Specific personal information, like your name, phone number, or email address, isn’t automatically collected. Tax Law Canada only obtains this type of information if you provide it by email or by registering in a secure part of the website for a service or program (e.g., voluntarily provided personal information when completing an online form or service request).
By its nature, the Internet permits Web servers to collect specific information about a site visit, including the visitor’s Internet Protocol (IP) address. IP addresses are unique numbers assigned by Internet Service Providers (ISP) to all Internet-accessible devices. Web servers automatically log visitors’ IP addresses. The IP address alone does not identify an individual, but, in some circumstances, like with the cooperation of an ISP, it could be used to identify a site user. Therefore, the Government of Canada considers the IP address as personal information, especially when coupled with other data automatically collected when a visitor requests a Web page, such as the pages visited, visit date, and time.
In instances where services are provided by external organizations, like social media platforms, search or mobile applications, IP addresses might be logged by the third-party service provider.
All personal information created, held, or gathered by Tax Law Canada is safeguarded under the federal Privacy Act. At any collection point, you will be asked for consent to collect your information, or you will be informed of the authority for the collection. You will also learn the purpose of the personal information collection and how to exercise your right to access and correct this information. In such situations, your personal information’s handling is described in a Personal Information Collection Statement.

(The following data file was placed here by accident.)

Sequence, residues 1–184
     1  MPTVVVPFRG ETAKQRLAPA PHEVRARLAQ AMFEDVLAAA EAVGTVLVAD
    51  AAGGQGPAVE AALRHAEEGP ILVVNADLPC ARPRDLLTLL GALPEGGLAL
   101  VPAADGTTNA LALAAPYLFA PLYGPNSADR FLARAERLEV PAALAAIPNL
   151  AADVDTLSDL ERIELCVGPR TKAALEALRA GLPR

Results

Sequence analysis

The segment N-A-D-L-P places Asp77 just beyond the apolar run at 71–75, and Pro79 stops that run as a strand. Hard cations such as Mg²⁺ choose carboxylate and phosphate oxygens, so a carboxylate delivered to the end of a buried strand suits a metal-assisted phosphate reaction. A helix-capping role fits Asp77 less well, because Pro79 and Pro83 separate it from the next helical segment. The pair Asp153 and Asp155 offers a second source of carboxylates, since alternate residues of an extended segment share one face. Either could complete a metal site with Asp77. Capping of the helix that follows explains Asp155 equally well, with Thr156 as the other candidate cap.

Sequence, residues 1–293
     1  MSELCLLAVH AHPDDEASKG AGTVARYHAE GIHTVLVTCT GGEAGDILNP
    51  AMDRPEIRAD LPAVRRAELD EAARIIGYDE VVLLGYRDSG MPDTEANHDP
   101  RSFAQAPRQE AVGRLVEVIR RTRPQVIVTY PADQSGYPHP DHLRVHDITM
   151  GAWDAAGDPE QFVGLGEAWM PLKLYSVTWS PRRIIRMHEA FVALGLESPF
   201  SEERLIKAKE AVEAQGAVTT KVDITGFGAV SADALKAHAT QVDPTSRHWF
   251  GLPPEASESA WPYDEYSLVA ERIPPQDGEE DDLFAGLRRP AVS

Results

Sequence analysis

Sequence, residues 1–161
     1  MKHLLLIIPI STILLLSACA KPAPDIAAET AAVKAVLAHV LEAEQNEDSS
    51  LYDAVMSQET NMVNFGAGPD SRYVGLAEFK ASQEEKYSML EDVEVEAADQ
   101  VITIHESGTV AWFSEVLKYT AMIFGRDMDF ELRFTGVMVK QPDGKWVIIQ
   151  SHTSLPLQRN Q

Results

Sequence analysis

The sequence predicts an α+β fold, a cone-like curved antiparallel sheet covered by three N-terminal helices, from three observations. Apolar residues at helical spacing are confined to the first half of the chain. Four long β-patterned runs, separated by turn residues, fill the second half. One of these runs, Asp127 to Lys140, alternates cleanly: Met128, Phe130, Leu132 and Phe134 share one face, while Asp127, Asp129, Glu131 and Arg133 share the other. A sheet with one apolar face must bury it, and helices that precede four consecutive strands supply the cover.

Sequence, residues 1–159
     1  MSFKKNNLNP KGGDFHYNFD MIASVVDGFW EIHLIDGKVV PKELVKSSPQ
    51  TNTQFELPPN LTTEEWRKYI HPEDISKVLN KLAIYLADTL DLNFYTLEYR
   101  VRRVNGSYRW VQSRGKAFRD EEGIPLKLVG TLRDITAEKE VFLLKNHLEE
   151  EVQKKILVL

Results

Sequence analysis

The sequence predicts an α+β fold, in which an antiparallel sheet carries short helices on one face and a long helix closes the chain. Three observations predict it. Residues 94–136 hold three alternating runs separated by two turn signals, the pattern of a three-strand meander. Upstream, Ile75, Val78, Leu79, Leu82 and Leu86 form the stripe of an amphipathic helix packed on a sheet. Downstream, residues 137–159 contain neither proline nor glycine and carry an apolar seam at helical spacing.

Usually, visitors’ personal information is not disclosed to anyone except Tax Law Canada personnel who require the information to fulfil their duties. Any further disclosure of the personal information you provide would be in line with the federal Privacy Act and Part 4 of the Department of Employment and Social Development Act (DESDA), if applicable.
Use of Google Analytics
Tax Law Canada employs Google Analytics, a web analytics service provided by Google Inc. (“Google”). Google Analytics uses “cookies” – text files placed on your computer – to aid the website in analysing site usage. The information generated by the cookie about your use of the site will be transmitted to and stored by Google on servers in the United States.
Tax Law Canada uses this information to evaluate your use of the website, compile reports on website activity, and provide other services related to website activity and internet usage. We leverage this tool to enhance our services, user experience, and our website structure.
Opting Out of Google Analytics
Tax Law Canada understands that not everyone wishes to have their web visit data stored. Thus, Google provides an opt-out component for their Analytics program. If you want to opt out of Google Analytics data collection, you can download and install a browser add-on available here: https://tools.google.com/dlpage/gaoptout/. Note that this will opt you out of Google Analytics on all websites, not just Tax Law Canada’s site.
Alternatively, you can adjust your browser settings to reject cookies, which will also prevent Google Analytics from storing your data. However, be aware that rejecting cookies could affect your user experience on our site and limit your access to certain features.
We respect your privacy and aim to give you control over how your data is used and stored. If you have any questions or concerns about how we handle your data, please feel free to contact us.
Communicating with Tax Law Canada
If you choose to send an email to Tax Law Canada or complete an online feedback form, your personal information may be used to respond to your inquiry. Tax Law Canada does not use the information to create individual profiles. Any disclosure of your personal information is in line with the Privacy Act and Part 4 of the DESDA, if applicable.
Please note that emails and other electronic methods used to communicate with Tax Law Canada are not secure unless specifically stated on a webpage. Therefore, we advise you not to send sensitive personal information, like your Social Insurance Number or your date of birth, through non-secure electronic means.
Third-Party Social Media
Tax Law Canada’s use of social media is an extension of its web presence. Social media accounts are public and are not hosted on Tax Law Canada’s server. Users who opt to interact with Tax Law Canada via social media should review the terms of service and privacy policies of these third-party service providers and any applications used to access them.